Sever?s disease, or calcaneal apophysitis, is a common cause of heel pain in patients whose bones are still growing; however, it is not really a disease. The pain is caused by stress at the point
where the Achilles tendon meets tissue called the plantar fascia on the growth plate (apophysis) of the heel bone (calcaneus).
Sever's affects boys more often than girls. Boys are most often affected at age 12, and girls at age 9, though Sever's is typically seen in children and adolescents between the ages of 7 and
There are usually two root causes of Sever?s disease that we?ve found that effect young athletes. Arches are not supported causing a dysfunctional run, jump, and landing. The calves (gastrocnemius
and soleus muscles) are overworked, tight, and do not allow proper movement of foot which puts extreme pressure on the Achilles? tendon, in turn irritating the growth plate in the heel.
Sever condition causes pain at the back of the heel. The pain is increased with plantar flexion of the ankle (pushing down with the foot as if stepping on the gas), particularly against resistance.
Sever condition also causes tenderness and swelling in the area of the pain.
Sever?s disease is diagnosed based on a doctor?s physical examination of the lower leg, ankle, and foot. If the diagnosis is in question, the doctor may order x-rays or an MRI to determine if there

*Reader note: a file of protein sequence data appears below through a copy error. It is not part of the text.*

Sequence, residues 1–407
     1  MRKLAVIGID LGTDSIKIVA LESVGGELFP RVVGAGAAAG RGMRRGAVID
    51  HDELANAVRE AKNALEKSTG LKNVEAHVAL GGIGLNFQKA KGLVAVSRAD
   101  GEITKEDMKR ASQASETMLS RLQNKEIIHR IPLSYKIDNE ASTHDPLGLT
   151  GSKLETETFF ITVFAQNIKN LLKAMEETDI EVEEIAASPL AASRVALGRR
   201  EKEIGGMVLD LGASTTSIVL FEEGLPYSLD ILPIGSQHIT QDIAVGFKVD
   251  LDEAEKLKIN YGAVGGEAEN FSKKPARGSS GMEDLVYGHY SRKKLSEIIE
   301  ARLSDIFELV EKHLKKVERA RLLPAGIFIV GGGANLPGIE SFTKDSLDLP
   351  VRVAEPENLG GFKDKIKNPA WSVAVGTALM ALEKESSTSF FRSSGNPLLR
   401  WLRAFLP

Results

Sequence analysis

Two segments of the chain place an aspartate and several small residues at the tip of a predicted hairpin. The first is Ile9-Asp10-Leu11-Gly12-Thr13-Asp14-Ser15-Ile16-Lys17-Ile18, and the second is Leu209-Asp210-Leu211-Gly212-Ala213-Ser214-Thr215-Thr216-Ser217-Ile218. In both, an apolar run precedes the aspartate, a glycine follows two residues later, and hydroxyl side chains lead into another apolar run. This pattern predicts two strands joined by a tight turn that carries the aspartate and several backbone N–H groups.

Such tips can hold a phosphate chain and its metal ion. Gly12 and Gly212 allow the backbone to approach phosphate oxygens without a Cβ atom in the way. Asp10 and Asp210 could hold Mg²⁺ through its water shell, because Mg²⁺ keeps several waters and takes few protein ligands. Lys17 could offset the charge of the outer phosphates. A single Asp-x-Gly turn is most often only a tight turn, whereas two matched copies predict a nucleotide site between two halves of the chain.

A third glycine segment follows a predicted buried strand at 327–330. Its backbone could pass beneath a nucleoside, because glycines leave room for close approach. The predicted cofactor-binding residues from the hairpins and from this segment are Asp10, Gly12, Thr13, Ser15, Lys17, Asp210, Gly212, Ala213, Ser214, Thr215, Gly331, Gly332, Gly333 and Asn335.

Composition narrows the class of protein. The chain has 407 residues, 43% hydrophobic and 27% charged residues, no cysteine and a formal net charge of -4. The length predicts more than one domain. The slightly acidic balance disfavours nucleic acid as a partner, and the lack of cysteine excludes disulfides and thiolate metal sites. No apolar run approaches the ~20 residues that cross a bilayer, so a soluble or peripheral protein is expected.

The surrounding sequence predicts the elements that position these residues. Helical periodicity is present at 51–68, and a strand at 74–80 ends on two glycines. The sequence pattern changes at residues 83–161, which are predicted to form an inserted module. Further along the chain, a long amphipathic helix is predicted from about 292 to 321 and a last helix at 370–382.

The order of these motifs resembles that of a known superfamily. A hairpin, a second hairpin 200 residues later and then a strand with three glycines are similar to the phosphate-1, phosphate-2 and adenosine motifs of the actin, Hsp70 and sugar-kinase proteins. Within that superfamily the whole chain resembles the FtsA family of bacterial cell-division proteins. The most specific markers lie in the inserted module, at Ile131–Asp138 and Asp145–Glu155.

are other injuries that may be causing the heel pain.
Non Surgical Treatment
The simplest form of treatment is rest. Symptoms usually peak during activity. If the growth plate of the heel is allowed ample rest time and the amount of pressure is reduced, circumstances will
improve. To aid in decreasing pain and swelling, wrap the heel with an ice pack. Your podiatrists at Advanced Foot & Ankle of Arizona will provide you with the perfect guide to recovery. After
examination of the affected foot, time taken off from physical activity may be recommended. Stretching exercises and physical therapy will help strengthen the tendons and muscles surrounding the
The condition is normally self-limiting, and a return to normal activities is usually possible after a period of 2-3 months. In one study, all the patients treated with a physiotherapy programme
(above) improved and could return to their sport of choice after two months of treatment. The condition may recur, although recurrence was uncommon, according to one study.